Selective Reabsorption- Definition, Parts, Process, Diagram

Selective Reabsorption is the process during urine formation that helps retain a large amount of water, salts, and other particular substances from the nephric filtrate by reabsorbing them in the body. 

The process of urine formation in our body involves the following steps:

1. Ultrafiltration

2. Selective Reabsorption

3. Tubular Secretion

Selective Reabsorption
Selective Reabsorption

Selective Reabsorption is the second step after the ultrafiltration involved in urine formation. The nephron is surrounded by capillaries into which the osmotic process reabsorbs the chemical components.

It takes place mainly in the following parts of the nephron:

  • Proximal Convoluted Tubule
  • Loop of Henle

Interesting Science Videos

Proximal Convoluted Tubule (PCT) and its Structure

  • It originates from the Bowman’s capsule and carries the filtrate further.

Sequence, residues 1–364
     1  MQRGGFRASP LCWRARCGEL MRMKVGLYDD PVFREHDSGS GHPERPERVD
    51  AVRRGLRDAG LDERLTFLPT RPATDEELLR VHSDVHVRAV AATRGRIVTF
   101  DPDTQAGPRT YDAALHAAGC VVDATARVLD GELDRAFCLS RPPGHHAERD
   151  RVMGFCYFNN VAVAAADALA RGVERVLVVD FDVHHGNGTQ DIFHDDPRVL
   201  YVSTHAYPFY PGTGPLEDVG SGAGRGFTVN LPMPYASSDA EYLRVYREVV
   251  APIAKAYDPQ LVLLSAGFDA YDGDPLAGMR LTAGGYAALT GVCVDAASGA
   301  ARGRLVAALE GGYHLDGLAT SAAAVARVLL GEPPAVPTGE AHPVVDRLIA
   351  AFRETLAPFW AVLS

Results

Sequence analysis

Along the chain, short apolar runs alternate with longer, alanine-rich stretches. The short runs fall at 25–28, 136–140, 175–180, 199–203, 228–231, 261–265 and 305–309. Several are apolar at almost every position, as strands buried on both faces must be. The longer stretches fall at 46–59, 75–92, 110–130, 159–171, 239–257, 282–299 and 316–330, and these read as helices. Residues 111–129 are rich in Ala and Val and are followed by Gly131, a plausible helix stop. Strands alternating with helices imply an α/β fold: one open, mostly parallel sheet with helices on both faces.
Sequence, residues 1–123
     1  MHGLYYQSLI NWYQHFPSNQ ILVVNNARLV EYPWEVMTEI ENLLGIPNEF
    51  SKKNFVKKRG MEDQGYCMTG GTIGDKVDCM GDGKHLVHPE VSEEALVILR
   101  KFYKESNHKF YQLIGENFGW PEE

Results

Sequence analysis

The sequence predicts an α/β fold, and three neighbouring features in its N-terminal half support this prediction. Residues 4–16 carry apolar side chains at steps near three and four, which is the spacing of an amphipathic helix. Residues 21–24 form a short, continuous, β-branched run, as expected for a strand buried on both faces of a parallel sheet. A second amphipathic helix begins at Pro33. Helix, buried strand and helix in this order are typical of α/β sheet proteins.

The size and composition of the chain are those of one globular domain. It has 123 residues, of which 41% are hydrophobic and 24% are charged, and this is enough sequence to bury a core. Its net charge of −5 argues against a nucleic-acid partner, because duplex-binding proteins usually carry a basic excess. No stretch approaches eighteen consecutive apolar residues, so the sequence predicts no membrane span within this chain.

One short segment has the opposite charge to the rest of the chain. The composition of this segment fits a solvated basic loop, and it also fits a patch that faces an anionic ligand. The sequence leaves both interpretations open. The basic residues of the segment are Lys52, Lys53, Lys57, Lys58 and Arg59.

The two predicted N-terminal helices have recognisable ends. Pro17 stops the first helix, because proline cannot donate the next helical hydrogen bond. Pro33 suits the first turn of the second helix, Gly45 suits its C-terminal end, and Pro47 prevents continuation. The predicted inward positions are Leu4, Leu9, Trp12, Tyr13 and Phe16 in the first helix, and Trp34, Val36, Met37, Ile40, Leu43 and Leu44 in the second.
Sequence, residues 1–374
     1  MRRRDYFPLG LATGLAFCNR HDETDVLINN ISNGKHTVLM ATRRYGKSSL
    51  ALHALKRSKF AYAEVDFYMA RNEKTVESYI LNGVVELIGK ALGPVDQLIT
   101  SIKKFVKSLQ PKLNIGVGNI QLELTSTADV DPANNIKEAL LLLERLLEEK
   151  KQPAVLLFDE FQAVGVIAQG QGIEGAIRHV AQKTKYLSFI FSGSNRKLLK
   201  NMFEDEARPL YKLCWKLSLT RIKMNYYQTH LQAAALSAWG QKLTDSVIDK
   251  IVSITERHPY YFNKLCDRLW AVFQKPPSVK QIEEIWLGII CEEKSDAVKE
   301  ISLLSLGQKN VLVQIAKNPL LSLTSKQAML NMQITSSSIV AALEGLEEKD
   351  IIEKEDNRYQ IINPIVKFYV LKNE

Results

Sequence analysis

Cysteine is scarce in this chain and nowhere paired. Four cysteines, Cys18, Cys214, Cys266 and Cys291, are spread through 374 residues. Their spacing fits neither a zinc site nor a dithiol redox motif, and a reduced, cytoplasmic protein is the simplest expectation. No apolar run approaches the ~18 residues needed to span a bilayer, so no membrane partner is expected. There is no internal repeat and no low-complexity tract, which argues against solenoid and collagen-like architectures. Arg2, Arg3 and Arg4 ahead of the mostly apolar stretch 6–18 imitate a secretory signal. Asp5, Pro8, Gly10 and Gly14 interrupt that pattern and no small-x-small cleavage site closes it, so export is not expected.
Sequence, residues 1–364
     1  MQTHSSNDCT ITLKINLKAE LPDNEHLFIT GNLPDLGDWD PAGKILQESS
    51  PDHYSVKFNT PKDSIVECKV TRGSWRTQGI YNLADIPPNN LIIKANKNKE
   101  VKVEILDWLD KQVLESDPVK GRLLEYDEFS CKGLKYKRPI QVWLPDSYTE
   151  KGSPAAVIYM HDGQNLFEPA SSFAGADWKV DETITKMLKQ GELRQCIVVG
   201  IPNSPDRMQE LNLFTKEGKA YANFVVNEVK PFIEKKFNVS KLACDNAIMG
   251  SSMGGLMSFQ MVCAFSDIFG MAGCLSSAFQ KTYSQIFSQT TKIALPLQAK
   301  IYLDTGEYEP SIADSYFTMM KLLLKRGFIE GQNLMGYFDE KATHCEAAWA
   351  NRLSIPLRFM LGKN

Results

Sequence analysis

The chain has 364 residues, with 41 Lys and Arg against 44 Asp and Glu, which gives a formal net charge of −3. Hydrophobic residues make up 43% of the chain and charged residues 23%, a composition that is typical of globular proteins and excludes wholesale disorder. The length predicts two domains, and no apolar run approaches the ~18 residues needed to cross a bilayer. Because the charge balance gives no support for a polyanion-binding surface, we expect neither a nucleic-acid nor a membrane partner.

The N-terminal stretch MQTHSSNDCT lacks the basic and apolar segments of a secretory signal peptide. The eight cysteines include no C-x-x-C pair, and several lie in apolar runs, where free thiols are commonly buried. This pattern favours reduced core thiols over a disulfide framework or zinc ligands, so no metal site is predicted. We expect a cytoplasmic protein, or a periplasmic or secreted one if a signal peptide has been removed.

• It is located in the cortex region of the kidney.
  • It consists of simple cuboidal epithelial cells.
  • The cells of PCT have a large number of mitochondria which aids in providing ATP for the process of active transport.
  • PCT is the longest part of the nephron and has the widest lumen.
  • The surface of these cells has many microvilli, which are these finger-like extensions into the lumen of PCT. Hence it is also called the brush-bordered epithelium. The brush border aids in incrementing surface area for absorption in the lumen.
  • The active transport process in this part entirely absorbs glucose and amino acid. 
  • The renal threshold for the concentration of glucose absorbed is around 180 mg/dl.
  • The chlorides are reabsorbed by the passive transport following the positively charged substances such as ions.
  • As the ions are taken up actively, the filtrate becomes less concentrated, and hence to balance the concentration, the water moves into the capillaries surrounding PCT. 
  • The selective reabsorption is maximum in this part of the nephron.
  • The passive transport process selectively reabsorbs nearly eighty percent of the water; hence it is also called “obligatory water reabsorption”.

Loop of Henle and its Structure

  • The loop of Henle lies in the medulla region of the kidney.